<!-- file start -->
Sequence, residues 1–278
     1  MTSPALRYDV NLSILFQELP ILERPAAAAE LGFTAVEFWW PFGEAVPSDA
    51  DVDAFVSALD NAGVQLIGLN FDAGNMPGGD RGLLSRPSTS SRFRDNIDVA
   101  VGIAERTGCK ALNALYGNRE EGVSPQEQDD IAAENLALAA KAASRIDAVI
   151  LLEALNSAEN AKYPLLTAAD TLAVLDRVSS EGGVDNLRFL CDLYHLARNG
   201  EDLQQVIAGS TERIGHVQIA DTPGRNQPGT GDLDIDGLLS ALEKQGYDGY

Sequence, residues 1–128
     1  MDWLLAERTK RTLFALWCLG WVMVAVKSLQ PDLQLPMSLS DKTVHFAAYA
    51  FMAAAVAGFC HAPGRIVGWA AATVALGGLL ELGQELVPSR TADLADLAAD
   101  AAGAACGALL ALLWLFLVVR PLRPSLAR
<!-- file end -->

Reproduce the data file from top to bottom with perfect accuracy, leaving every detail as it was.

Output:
Sequence, residues 1–278
     1  MTSPALRYDV NLSILFQELP ILERPAAAAE LGFTAVEFWW PFGEAVPSDA
    51  DVDAFVSALD NAGVQLIGLN FDAGNMPGGD RGLLSRPSTS SRFRDNIDVA
   101  VGIAERTGCK ALNALYGNRE EGVSPQEQDD IAAENLALAA KAASRIDAVI
   151  LLEALNSAEN AKYPLLTAAD TLAVLDRVSS EGGVDNLRFL CDLYHLARNG
   201  EDLQQVIAGS TERIGHVQIA DTPGRNQPGT GDLDIDGLLS ALEKQGYDGY

Sequence, residues 1–128
     1  MDWLLAERTK RTLFALWCLG WVMVAVKSLQ PDLQLPMSLS DKTVHFAAYA
    51  FMAAAVAGFC HAPGRIVGWA AATVALGGLL ELGQELVPSR TADLADLAAD
   101  AAGAACGALL ALLWLFLVVR PLRPSLAR